The downside when used in ICEs is the efficiency at best is about 25% and it produces NOX. The upside it does not produce CO2, only water.
When used as a compressed gas in a fuel cell the only residue is water; however, the efficiency is still less than 55% and it is expensive to produce and transport to the user. Currently it is produced from natural gas that is reformed, using great amounts of steam and heat; then it must be mechanically compressed to as high as 10,000 psi. This adds greatly to the cost and danger of usage.
Nevertheless, H2 fuel cells makes sense in applications where gross pollution can be offset, i.e., in jet engines and the huge diesel engines used in sea ships.



Desperate stuff when you have to resort to complete fabrications to support your prejudices.

'The downside when used in ICEs is the efficiency at best is about 25%'

On what basis? Are you talking about well to wheels or something.

A modern ICE engine is around 40% efficient tank to wheels, and electricity has extensive losses before it gets into the battery.

'When used as a compressed gas in a fuel cell the only residue is water; however, the efficiency is still less than 55% '

The Nexo is around 60% efficient, Hyundai say. Care to show exactly where they have got their figures wrong?

' Currently it is produced from natural gas that is reformed'

Except when it isn't. For instance in 33% of hydrogen for transport in California, and all of it in places like Norway and New Zealand.

'it must be mechanically compressed to as high as 10,000 psi.'

From as long ago as 2014:

'At the heart of the hydrogen fueling system is the 900-bar Linde IC 90 ionic compressor: '

Why are you posting a pack of nonsense and misstatements?

Is it through ignorance or malice?

Do get over your one-eyed obsession with batteries.

You are behaving like a religious bigot.


One of the fantastic things about batteries is regenerative braking. Hard to imagine how you do that with H2 and no battery side storage.



PHEVs, hybrids, mild hybrids and FCEVs all have regenerative braking, not just BEVs.

All FCEVs have batteries either lithium or NiCad to assist when a lot of power is needed for acceleration, which also work fine for regen.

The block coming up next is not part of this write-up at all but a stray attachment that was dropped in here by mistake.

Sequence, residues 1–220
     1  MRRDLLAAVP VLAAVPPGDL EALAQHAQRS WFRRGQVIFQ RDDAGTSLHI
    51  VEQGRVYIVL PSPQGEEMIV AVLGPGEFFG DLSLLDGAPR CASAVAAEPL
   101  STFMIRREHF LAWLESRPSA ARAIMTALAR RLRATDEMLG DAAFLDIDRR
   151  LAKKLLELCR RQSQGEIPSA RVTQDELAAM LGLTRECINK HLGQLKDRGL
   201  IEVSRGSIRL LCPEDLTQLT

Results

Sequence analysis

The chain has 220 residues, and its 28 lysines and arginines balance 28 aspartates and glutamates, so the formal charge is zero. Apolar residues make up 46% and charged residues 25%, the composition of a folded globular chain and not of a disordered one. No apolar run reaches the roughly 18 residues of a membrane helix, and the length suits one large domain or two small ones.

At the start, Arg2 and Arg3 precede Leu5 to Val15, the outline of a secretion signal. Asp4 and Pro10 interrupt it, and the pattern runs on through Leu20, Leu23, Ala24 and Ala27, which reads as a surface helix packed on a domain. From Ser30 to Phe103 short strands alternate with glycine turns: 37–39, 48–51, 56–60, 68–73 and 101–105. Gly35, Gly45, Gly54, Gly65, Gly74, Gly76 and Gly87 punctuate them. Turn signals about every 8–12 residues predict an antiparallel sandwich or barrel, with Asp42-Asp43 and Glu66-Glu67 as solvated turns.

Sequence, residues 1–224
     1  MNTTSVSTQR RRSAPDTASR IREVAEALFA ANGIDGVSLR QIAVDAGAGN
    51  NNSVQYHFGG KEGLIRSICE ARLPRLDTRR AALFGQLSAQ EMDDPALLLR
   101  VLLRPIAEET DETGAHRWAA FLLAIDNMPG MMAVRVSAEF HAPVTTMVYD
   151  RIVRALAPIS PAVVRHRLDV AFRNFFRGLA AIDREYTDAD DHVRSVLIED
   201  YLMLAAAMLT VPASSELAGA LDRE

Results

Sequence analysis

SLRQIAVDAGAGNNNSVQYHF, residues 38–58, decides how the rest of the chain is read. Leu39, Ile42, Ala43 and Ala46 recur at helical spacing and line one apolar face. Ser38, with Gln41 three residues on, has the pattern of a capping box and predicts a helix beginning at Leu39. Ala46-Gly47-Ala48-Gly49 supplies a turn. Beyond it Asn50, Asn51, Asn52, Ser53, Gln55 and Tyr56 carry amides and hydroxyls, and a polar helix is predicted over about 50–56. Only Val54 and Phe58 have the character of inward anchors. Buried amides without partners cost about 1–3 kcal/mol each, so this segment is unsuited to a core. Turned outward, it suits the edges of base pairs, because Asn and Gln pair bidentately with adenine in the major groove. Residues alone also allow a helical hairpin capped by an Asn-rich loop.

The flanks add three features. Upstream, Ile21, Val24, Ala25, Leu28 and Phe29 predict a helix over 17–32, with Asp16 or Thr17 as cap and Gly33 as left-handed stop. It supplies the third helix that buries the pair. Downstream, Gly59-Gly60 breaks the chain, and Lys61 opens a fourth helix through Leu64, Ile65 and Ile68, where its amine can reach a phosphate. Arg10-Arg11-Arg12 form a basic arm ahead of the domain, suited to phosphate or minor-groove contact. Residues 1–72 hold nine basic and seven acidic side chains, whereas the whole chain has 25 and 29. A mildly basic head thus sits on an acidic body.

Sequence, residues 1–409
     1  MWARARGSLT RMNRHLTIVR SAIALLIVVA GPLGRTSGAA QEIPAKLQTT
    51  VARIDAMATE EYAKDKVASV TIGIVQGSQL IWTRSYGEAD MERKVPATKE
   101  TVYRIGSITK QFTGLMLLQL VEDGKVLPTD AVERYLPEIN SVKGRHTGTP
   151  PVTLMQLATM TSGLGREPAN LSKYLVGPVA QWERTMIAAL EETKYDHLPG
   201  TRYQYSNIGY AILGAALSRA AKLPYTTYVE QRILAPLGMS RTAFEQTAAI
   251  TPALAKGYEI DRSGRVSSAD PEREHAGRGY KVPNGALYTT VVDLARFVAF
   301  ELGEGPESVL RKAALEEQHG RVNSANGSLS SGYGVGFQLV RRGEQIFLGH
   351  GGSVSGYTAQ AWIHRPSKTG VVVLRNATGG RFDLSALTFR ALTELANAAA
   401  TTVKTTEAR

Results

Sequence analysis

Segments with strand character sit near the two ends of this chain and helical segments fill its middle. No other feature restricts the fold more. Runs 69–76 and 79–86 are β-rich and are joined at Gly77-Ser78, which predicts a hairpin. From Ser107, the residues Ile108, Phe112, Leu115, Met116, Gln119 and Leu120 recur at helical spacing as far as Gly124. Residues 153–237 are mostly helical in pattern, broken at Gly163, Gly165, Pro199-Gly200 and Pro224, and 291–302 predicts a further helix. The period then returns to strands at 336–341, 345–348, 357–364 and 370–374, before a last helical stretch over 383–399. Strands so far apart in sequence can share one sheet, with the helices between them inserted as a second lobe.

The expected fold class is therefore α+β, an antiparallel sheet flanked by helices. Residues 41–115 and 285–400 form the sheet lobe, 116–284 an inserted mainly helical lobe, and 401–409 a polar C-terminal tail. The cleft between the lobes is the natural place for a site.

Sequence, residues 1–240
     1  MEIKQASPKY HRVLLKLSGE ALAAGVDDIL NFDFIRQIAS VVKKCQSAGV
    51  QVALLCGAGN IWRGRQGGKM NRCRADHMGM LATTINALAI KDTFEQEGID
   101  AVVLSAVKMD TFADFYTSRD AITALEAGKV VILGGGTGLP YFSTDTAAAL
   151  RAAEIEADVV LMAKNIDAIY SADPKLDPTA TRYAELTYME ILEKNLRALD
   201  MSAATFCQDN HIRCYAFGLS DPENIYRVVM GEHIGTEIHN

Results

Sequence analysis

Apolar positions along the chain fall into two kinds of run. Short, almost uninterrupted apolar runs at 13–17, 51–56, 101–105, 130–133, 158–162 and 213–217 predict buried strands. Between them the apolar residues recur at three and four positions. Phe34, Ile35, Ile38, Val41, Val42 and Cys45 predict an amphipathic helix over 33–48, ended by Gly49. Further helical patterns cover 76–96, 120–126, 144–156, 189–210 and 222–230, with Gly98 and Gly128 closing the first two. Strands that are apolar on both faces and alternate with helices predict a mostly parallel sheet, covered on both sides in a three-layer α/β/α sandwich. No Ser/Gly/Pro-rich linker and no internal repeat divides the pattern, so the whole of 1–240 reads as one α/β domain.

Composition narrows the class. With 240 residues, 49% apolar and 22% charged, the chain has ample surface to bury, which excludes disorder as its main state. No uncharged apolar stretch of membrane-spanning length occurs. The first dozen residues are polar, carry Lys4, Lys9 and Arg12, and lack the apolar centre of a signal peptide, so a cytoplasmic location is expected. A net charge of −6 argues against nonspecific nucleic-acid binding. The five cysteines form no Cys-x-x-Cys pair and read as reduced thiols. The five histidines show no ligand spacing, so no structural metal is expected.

Mild hybrids use batteries or capacitors for the same purpose.

A thumping great 50-100Kwh battery is not needed for the purpose.

The ~1Kwh pack in a hybrid or an FCEV works fine for the purpose, and even a mild hybrid with its still smaller battery can work fine.

Why are you attempting to critique technologies when you clearly have not take the trouble to find out how they work?


Congratulations south korea for leading the path on new hydrogen economy post Covid 19.The path ahead is decarbunised sustainable world order one sun one grid and one energy re routing utilisation through Hydrogen
Best wishes


@ Lad:
Dave states quite correctly that a battery is unbearable for a functional FC. It can however, in such a configuration, be dimensioned much smaller than in a conventional BEV.
What he doesn't state is that presently every car owner is at the mercy of the OPEG countries and big oil; these vampires (monopolists) suck as much "blood" as they possibly can.
A H2 infrastructure has much in common with the present fossil infrastructures. It is reasonably easy for big oil to switch from one to the other and keep their cash cows in their own pasture. They could care less about the OPEG countries. The push for H2 is mainly driven from big oil and their proponents. I've never worked for big oil so I personally care less.
A BEV virtually grants everyone the freedom of self-sufficiency. If you can call your home your own, just install a PV-system on your roof top and make yourself independent of all parasites.
Only those profiting directly or indirectly from big oil are interested in their future success however that may be maintained.

Roger Pham

Just replace Natural Gas and Petroleum with Green Hydrogen and the decarbonization process is done. We can use existing Natural Gas pipeline system to transport Hydrogen, thus making it cheap for the conversion process from FF to Green Energy. Until we will have enough of Green Hydrogen, we can use Blue Hydrogen to supplement Green Hydrogen.